Friday, September 11, 2009

Gauge is not a constant

I can't say I've ever given the subject of gauge much thought before. I knit a swatch to determine the correct needle size to use to get the gauge stated in a pattern, but knitting the swatch hasn't ever led me to contemplate the subject of gauge.

Last month, however, when I started my second pair of socks, I (for the first time ever) did not knit a gauge swatch because I had used the same yarn, in a different colorway, for the pair of socks I made in June. (See "June, Glorious June," my post for Tuesday, 30 June 2009, to view that pair of socks.) Imagine my surprise when the same yarn and same needle (a US1) gave me ten stitches per inch, instead of the eight stitches per inch it had produced in June. (Can you spell s-t-r-e-s-s?) I ripped out the toes, started again with a needle a half size larger, and got nine stitches per inch. After ripping out the toes again, I changed to a needle a full size larger than the first one, and finally got the desired eight stitches per inch. By then, when it was too late to finish the socks that month, I'd begun contemplating the subject of gauge.

What I realized was that, between early June and mid-August, there had been a lot of changes in my life and my work, and I was under a lot more stress than I had been two months earlier.

But the "Eureka!" moment didn't come until about a week ago. This month, I'm knitting a pair of socks with the same yarn I used for the pair I made last month for my friend, Kathy. (See "Summer's End," my post for Wednesday, 19 August 2009, to see Kathy's socks in all their glory.) The yarn is Lorna's Laces Shepherd Sock, which I bought at The Loopy Ewe.
The Loopy Ewe
Kathy's socks are the Rainbow colorway; this month's socks, which are for my mom, are the Mountain Creek colorway. This month's socks are Wendy Johnson's Feather and Fan socks.

I'd been contemplating gauge, enough to realize that all the changes in my life and work had occurred before I started Kathy's socks. Once again, for the second (and final!) time in my life, I did not knit a gauge swatch. (You'd think I would have learnt my lesson, but....) The very same US1 needle that had given me eight stitches per inch for this yarn in early August gave me, you guessed it, ten stitches per inch in early September. After two more sessions of ripping out the toes until I'd hit a needle that gave me gauge (a US2 again), I realized that Professor O had not yet resigned when I started Kathy's socks. And I finally learnt not to assume that the same needle and yarn I used a few weeks ago will give me the same gauge today.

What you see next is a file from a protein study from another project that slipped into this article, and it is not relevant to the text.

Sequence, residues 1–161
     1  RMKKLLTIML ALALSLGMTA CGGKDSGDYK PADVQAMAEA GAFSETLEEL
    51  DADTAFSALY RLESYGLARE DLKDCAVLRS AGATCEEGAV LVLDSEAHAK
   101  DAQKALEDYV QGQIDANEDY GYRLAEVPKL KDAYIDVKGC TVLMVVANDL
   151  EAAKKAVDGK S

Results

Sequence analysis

But the downside of that lesson is that now I'm afraid to work on any project I started more than a few weeks ago, for fear that my now much tighter gauge will ruin it.

I guess that means I should start something new. : )



  1. Also, you can be getting gauge in stitches but be off gauge on rows. As long as you're fretting about gauge you might as well get it all done at once.

  2. Very true, ma'am---on both counts. But being off on the rows, which I also was, can be easily corrected by knitting more of them. Being off on the stitches, however, means that the garment won't fit.

  3. So, what can we do to help you relieve that stress? I do plain ol' garter stitch knitting which is very forgiving, or felting projects, also very forgiving. And go back to the other projects started once the fingers, shoulders, and neck are all relaxed . . . Lea-Ann

  4. Lea-Ann, I'm knitting socks now, but I'm itching to knit a fulled coat, which is all garter stitch. I think you may have just given me the perfect reason to buy some yarn and start. : )